> comparable (140gms) pocketable 35mm film camera shot would compare when
> enlarged?
Anonymous
June 22, 2005 11:47:29 PM

Archived from groups: rec.photo.film+labs,rec.photo.digital,rec.photo.equipment.35mm (More info?)

casioculture@gmail.com wrote:
> Well, sort of.
>
> I wasn't comfortable taking enough shots because I was in a hurry and
> there was a half-naked chick sunbathing nearby (she was sitting in the
> grass and I could only see that she was wearing a tiny bra or bikini
> top, not sure what else, if any). I didn't want her to think I was
> photographing her, and she probably suspected so, because she then put
> on some shirt and looked uncomfortable, and I then preferred to leave.
> I may try again tomorrow, though this will do for now. Not sure what
> the camera focused on exactly but I remember it was something in the
> foreground, and here's a crop from the stuff in the far distance,
> though it wasn't in focus. [f4.5 (2.8-8), 1/420sec. ISO 80.]
>
> http://img108.echo.cx/img108/8205/dscf1502all9mu.jpg
> http://img124.echo.cx/img124/7373/dscf1502top9uc.jpg
>
> Remember what you're looking at; a pocketable digicam weighing 140gms.
> Default RAW settings. No sharpetning applied. No attempt to fix purple
> fringing. Just the 28.3mp image got from the RAW output of the 6mp
> (6+6) superccd sensor using photoshop. Yes, it's interpolated up. I
> suspect using Fuji's hyper utility would probably be better, or even a
> dedicated interpolation software, but generic photoshop is good enough
> for now.
>
> This would give me a print of "25.6 * 19.2 inches at 240 pixels/inch,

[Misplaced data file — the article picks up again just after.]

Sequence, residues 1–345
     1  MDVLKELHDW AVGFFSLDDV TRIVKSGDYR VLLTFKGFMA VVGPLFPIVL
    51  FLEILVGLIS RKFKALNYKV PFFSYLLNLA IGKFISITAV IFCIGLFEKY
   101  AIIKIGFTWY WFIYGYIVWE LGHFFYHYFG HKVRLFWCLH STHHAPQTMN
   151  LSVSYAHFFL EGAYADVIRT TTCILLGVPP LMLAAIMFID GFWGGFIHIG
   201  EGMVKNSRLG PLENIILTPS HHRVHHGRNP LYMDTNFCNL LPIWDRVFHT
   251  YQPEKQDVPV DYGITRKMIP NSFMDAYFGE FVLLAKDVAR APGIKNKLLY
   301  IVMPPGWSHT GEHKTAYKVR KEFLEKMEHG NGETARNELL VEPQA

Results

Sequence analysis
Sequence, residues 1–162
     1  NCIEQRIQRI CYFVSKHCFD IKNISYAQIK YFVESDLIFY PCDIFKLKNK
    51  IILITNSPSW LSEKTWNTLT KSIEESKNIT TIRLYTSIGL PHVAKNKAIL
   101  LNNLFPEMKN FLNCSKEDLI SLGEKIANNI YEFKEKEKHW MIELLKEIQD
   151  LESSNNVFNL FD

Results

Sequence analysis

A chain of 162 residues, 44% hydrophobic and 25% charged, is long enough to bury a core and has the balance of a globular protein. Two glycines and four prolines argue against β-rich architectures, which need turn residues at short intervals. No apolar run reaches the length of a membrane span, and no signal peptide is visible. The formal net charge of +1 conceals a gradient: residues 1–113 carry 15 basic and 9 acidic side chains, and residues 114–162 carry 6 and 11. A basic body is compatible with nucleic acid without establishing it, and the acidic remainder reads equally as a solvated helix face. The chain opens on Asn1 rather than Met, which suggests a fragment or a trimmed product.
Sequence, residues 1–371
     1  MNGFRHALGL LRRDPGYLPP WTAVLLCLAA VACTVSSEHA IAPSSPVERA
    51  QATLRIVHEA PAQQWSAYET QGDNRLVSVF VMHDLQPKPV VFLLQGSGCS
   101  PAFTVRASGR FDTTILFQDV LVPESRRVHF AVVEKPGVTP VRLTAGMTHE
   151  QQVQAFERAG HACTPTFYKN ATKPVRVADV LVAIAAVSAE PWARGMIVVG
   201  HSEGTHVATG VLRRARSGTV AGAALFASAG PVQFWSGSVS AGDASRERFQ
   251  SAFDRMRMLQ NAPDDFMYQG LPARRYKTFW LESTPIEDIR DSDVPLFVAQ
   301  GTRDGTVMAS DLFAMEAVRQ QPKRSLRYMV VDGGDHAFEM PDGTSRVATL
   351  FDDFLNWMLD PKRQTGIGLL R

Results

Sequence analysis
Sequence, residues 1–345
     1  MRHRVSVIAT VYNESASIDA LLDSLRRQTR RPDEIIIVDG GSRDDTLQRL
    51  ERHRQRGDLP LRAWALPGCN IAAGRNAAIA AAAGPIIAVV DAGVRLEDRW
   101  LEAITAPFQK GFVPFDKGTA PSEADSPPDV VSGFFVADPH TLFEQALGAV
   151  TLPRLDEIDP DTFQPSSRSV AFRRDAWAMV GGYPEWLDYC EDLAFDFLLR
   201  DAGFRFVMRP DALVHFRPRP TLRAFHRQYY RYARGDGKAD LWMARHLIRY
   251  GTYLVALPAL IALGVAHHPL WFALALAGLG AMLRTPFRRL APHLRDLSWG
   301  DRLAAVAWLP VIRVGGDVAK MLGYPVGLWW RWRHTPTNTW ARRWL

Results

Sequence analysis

> (or) 20.4 * 15.3 inches at 300 pixels/inch which is recommended
> (John)". Now, I haven't got a good scanner; does anyone know how a
> comparable (140gms) pocketable 35mm film camera shot would compare when
> enlarged?
Raphael Bustin has collected a fair number of film scans, you have to
do some re-sampling to match resolution before you can do a meaningful
comparison.

http://www.terrapinphoto.com/jmdavis/

Film sampled at 4000 DPI looks way over sampled. There is nothing
wrong with over sampling, in fact you want to do it if you are going to
avoid aliasing and still get the highest detail possible.

As an example take this scan, this was done at 4000 dpi,
http://www.terrapinphoto.com/jmdavis/chrome_41_jpg.jpg

open it in an editor and make a copy. On the copy down sample to 500 x
500 pixels then up sample back to 1001 x 1001. Now paste the copy into
a new layer on the original and view at 100%. Turn the visibility of
the top layer on and off and see if you can see any change as you do
so.

A lot of people believe that just because they scan film at 4000 dpi
they are getting that resolution in the photo, this is just not true.

Scott
Anonymous
June 23, 2005 5:18:52 AM

Archived from groups: rec.photo.film+labs,rec.photo.digital,rec.photo.equipment.35mm (More info?)

Nicholas O. Lindan wrote:
> <casioculture@gmail.com> wrote
>
> > http://img124.echo.cx/img124/7373/dscf1502top9uc.jpg
>
> On my monitor the shot is about 6 feet wide, about the size
> for a projected slide on a smallish screen. Obviously I can
> only see one foot of the image at a time. Magnification is
> 50x.
>
> Sitting 6 feet away from the monitor the image is distinctly
> fuzzy. A Velvia slide taken with Yashica T4 (~140gm?) is distinctly
> sharp under these conditions. Using a Leica/Sumicron, Kodachrome
> 25 and a tripod really improves matters.
>
> This is a good representation of 'average' for a 35mm slide,
> about 1/2 down the page:
>